The search for the remaining four bodies took three months. When found, the body was buried in deep snow, at a location farther from the cedar tree where the first two bodies were found. Their clothes are better than other corpses. It is possible that the first two corpses died first because they gave clothes to the four colleagues.
Initial investigation revealed that nine climbers had died of hypothermia. But the results of the post mortem continued to give rise to many theories while stimulating an important question: what made the climbers get out of the tent to the point of dying?
Three climbers suffered serious injuries. The skull of Thibeaux-Brignolles is cracked. Dubinina and Zolotaryov suffered chest fractures. The most terrible part: Dubinina lost the tongue, eyes, some lips, some facial tissue, and a little skull. Some of the skin on his hands also blistered.
There was speculation that stated the perpetrators of the Mansi people who lived around the slopes of the Ural Mountains. This theory is refuted because the average climber died of hypothermia with no signs of being attacked. Footprints on location also only refer to climbers, nothing more.
The avalanche theory offers an explanation that the avalanche makes panic climbers then exit the tent by tearing from the inside. They are in a condition to sleep so that some are not dressed properly.
National Geographic Wild, Vice, to Keith McCloskey in his book Mountain of the Dead: The Dyatlov Pass Incident (2013) put forward a theory that became the suspicion of several parties: Soviet military involvement.
The climbers were suspected of camping in the Soviet air bomb training ground. They woke up after a bomb exploded, panicked, exited the tent in makeshift clothing, headed for the trees, and were unable to return to the tent. In fact, the aerial bombing program was indeed being carried out by the Soviet military at that location while the climb was taking place.
The bomb that went off exploded in the air, so no evidence was found on the surface of the snow/ground around the tent. The effect of the bomb was also stated to be able to make humans suffer injuries like those experienced by climbers. About the loss of Dubinina’s body parts? Proponents of this theory return to wild animals.
Additional theories regarding the Soviet military are based on radiological weapons testing programs at the same time and location. Although the evidence is not strong enough, this theory is enough to explain the discovery of radioactive elements in several parts of the body of some climbers.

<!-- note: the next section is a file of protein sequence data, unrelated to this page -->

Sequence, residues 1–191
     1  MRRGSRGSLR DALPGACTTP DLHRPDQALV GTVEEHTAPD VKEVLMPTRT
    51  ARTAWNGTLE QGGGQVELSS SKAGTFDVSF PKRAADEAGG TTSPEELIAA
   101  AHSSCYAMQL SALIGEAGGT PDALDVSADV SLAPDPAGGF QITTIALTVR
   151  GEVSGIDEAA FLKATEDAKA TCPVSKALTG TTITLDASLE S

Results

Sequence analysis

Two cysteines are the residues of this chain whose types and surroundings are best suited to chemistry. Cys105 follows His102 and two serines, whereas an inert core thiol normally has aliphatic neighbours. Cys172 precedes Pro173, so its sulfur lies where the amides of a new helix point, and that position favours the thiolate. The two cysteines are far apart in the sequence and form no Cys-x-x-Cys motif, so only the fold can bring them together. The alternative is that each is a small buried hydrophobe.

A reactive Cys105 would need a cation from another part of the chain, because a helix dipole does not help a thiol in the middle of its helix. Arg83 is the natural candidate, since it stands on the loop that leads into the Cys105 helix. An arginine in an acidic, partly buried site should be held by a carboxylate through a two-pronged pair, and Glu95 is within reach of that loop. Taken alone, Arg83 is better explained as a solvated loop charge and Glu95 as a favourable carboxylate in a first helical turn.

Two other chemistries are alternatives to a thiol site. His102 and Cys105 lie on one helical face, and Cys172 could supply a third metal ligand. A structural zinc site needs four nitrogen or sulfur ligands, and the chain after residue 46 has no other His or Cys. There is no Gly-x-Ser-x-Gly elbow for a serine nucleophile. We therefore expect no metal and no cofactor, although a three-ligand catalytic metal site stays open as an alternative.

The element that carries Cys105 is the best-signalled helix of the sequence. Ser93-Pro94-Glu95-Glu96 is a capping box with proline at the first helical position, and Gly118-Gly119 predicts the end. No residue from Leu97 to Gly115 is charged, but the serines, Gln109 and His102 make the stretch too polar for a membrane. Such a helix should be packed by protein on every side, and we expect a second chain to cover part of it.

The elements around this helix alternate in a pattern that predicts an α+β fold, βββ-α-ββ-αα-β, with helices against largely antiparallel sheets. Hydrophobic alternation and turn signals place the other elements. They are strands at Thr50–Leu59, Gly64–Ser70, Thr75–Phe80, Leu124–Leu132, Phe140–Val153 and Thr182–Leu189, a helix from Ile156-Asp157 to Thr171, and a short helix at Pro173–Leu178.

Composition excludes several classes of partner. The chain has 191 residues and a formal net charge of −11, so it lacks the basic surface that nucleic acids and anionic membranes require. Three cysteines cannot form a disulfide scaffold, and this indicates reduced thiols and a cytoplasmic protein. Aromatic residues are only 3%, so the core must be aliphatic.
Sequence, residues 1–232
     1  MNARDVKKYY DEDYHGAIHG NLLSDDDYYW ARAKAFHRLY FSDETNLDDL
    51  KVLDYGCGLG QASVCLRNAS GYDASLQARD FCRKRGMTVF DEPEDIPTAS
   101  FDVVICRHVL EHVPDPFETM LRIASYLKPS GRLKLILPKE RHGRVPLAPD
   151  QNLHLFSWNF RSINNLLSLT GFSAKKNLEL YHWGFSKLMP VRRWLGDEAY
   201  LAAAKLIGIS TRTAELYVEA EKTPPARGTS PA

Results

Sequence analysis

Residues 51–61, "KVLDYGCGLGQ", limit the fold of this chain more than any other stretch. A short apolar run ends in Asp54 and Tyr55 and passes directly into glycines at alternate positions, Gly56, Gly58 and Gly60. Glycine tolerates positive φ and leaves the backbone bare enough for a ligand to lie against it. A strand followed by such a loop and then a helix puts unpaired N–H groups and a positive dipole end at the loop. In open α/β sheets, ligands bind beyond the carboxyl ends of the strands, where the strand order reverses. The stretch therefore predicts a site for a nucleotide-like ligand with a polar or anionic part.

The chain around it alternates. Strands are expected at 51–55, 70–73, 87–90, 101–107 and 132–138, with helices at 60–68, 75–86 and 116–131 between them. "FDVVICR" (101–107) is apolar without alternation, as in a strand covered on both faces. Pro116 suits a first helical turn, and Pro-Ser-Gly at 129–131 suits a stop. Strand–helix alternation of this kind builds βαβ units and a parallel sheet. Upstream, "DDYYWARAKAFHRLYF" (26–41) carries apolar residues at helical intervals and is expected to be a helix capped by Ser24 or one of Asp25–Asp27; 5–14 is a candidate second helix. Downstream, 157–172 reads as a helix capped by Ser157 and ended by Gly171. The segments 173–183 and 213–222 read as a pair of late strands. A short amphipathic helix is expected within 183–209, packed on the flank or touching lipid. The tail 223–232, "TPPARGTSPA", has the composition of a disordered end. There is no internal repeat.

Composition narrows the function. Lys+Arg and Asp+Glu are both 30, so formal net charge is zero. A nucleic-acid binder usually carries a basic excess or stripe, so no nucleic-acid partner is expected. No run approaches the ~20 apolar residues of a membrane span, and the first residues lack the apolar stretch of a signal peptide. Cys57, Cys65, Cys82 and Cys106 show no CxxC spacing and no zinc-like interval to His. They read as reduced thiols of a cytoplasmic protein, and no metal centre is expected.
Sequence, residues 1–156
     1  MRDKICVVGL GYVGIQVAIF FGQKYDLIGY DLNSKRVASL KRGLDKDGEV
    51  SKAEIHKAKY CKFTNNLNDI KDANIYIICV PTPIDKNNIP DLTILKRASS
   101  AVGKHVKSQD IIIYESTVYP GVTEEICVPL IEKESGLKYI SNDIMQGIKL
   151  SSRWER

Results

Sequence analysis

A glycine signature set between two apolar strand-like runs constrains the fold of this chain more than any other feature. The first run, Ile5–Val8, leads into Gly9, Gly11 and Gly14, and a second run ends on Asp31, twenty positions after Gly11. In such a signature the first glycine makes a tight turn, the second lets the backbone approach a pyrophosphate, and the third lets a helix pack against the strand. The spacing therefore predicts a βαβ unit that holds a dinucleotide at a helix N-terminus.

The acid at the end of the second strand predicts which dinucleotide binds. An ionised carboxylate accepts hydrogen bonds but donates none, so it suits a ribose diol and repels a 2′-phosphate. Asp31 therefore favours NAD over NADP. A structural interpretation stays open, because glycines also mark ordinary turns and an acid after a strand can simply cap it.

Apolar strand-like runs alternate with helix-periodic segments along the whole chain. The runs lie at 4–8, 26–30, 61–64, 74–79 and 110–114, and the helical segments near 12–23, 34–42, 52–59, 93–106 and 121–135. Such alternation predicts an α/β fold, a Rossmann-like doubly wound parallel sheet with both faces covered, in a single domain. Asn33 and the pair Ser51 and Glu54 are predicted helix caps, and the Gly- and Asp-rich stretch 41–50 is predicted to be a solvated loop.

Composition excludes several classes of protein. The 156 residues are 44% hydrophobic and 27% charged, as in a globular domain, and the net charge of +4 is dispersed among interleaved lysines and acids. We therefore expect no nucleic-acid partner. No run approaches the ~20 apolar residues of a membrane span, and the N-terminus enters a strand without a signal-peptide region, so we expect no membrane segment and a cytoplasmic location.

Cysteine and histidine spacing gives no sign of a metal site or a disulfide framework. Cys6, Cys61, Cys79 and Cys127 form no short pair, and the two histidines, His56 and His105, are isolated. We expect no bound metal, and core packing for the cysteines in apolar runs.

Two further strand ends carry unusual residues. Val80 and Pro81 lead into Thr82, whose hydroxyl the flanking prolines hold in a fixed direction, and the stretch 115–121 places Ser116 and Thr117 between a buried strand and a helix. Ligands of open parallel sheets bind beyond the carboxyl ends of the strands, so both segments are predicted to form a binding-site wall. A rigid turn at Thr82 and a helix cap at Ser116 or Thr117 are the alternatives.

These theories are still based on rational evidence, in contrast to some parties who associate the factors causing the incident with pseudo-scientific matters.
The Discovery Channel show Russian Yeti: The Killer Lives (2014), for example, states that the Yeti attack caused the incident. Yeti are giant ape-like creatures with white fur and bright red eyes that are believed to inhabit Siberia, the Himalayas, and mountain regions in East Asia.
They argue the climbers’ wounds can only be caused by creatures with physical and strength greater than normal humans. The creator of the program certainly does not provide solid evidence, but an analysis of the origin of the pseudo-scientific scoop (cherry-picking).
Sixty years ago, who knows what prompted the Russian government to reopen the investigation of the case. Kurennoi, representing the investigation team, stated that the victims’ families, the media, and the public still demanded clarity of the case and asked the government not to hide the truth.
The investigation team will begin the investigation process through a 400-page volume containing original investigation material. But the investigation team will also utilize modern technology that was not created six decades ago.
Next month the investigation team will fly to the scene with a number of experts and rescue workers. The experts will conduct nine different types of examinations. One of them is a forensic examination, which, according to Kurennoi, will help solve “missing pieces.”